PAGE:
University of Surrey: Tiny solar panels at back of eye could help patients recover from sight loss

Tiny solar panels at the back of the eye could help patients recover from sight loss, according to research from the University of Surrey.
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For the first time, scientists at Surrey have used high-performance organic semiconductors, which could one day restore colour vision.

Age-related macular degeneration is the UK’s biggest cause of sight loss, and for most sufferers, there is no treatment. One idea to change that is to insert a tiny ‘solar panel’ at the back of the eye. Surrey researchers have demonstrated that new materials could do the job – while being cheaper and more flexible than alternatives.

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Dr Leslie Askew, a member of the research team, said: “Just like solar panels convert light to electricity, our flexible device sits at the back of the eye, converting light to electrical signals carrying colour information through to the optical nerve.

Tiny solar panels at the back of the eye could help patients recover from sight loss, according to research from the University of Surrey. Picture courtesy of the University of SurreyTiny solar panels at the back of the eye could help patients recover from sight loss, according to research from the University of Surrey. Picture courtesy of the University of Surrey
Tiny solar panels at the back of the eye could help patients recover from sight loss, according to research from the University of Surrey. Picture courtesy of the University of Surrey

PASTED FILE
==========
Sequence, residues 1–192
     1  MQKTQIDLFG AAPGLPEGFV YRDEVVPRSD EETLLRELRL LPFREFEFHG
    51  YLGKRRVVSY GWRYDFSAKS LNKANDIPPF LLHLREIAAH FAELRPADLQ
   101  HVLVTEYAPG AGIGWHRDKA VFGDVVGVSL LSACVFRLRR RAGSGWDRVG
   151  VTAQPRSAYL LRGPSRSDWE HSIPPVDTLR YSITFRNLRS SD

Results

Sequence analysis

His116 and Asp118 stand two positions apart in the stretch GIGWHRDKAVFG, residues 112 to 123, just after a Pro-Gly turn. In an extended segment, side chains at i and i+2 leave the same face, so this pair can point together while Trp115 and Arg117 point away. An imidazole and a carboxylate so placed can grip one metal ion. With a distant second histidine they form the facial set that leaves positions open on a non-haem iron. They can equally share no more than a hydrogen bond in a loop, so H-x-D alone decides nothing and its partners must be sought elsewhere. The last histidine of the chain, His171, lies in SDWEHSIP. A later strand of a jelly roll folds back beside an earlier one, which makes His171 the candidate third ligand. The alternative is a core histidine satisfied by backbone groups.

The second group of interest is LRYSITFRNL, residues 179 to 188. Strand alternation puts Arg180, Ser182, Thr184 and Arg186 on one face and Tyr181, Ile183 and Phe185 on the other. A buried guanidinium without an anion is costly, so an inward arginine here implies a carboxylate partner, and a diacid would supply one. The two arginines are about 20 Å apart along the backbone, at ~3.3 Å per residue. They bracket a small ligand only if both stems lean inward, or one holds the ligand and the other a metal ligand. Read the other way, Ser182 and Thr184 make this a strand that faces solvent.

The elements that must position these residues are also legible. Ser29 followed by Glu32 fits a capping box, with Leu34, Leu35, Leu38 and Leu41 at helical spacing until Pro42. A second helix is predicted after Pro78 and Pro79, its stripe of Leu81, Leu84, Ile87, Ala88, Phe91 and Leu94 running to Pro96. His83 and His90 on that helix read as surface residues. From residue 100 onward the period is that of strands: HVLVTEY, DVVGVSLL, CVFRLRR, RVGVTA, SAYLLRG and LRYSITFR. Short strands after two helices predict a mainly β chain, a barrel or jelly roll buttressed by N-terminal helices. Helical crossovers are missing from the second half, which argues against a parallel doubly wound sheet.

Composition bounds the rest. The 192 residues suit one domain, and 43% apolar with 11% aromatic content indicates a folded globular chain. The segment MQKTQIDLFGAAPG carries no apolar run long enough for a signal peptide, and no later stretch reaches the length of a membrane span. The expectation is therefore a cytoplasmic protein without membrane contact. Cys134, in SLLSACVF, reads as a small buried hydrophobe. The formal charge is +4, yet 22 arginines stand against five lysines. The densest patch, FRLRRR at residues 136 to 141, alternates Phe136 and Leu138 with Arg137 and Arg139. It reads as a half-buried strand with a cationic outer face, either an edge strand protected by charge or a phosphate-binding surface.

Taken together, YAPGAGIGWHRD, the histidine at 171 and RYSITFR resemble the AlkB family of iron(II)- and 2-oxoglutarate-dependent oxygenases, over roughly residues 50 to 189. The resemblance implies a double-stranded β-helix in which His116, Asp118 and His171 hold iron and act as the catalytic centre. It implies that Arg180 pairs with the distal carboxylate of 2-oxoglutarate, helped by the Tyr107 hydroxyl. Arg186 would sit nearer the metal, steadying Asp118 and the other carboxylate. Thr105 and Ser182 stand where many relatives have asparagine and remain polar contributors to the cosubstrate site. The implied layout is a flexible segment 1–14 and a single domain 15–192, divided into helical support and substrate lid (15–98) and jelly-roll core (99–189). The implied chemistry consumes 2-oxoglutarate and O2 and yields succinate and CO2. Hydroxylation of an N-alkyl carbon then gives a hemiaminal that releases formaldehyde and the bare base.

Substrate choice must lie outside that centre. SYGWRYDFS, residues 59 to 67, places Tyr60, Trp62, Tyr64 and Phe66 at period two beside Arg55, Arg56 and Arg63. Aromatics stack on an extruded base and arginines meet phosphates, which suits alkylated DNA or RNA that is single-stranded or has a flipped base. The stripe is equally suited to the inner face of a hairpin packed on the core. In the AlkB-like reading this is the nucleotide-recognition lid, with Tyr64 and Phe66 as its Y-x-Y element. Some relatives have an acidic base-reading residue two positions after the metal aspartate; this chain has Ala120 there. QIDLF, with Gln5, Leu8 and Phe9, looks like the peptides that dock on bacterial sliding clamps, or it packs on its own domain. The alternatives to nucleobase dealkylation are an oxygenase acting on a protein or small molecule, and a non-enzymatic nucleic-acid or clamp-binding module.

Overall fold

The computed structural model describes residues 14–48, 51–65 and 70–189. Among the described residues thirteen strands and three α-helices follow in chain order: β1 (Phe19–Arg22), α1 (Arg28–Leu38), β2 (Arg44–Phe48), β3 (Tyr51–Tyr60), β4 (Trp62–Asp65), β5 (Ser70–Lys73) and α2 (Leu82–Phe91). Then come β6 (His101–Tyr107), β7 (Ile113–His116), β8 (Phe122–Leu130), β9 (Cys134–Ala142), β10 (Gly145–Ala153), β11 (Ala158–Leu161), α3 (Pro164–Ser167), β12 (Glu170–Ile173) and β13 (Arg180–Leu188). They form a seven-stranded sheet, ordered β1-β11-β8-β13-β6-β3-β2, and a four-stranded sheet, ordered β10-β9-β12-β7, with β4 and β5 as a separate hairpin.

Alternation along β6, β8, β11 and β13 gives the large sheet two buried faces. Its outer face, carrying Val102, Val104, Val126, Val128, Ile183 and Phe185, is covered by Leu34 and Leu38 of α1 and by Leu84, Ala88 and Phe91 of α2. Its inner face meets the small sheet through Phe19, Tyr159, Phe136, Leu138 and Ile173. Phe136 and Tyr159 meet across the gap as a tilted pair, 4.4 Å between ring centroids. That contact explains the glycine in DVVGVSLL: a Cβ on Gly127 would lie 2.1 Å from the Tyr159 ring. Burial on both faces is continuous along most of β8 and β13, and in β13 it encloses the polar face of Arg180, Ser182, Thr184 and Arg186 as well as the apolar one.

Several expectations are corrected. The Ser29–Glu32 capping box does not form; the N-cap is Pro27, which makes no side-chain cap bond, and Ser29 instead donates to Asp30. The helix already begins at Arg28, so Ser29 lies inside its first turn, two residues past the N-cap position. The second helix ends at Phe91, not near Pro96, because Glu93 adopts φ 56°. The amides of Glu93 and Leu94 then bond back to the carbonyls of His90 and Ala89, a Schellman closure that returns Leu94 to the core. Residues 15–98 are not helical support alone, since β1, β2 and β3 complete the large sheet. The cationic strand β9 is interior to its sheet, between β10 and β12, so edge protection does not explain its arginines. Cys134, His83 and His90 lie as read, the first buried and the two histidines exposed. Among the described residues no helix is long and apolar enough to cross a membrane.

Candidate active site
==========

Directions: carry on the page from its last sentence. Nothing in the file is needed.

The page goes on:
“Previously, this has only ever been achieved in black and white vision – so to be able to restore colour vision is really exciting.

“We are using thiophene-based materials paired with acceptor molecules to improve the output signal to a point where cells in the middle of the retinal layers can be stimulated successfully.”

Dr Maxim Shkunov, senior lecturer at Surrey’s Advanced Technology Institute, said: “One of the most compelling aspects of our research is that we can print these miniature solar panels like you might print paper.

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“Not only is that much cheaper and possibly more accessible – but the array of panels can then be rolled up. They will fit comfortably in the back of the eye, eventually providing a larger field of vision. This also means they can be implanted with much less invasive surgery, helping patients recover faster, too.”

The findings are patent-pending, and it is now hoped they can be used to design an artificial retina to help patients suffering from retinal disease.

Dr Askew’s study is available on an open access basis.

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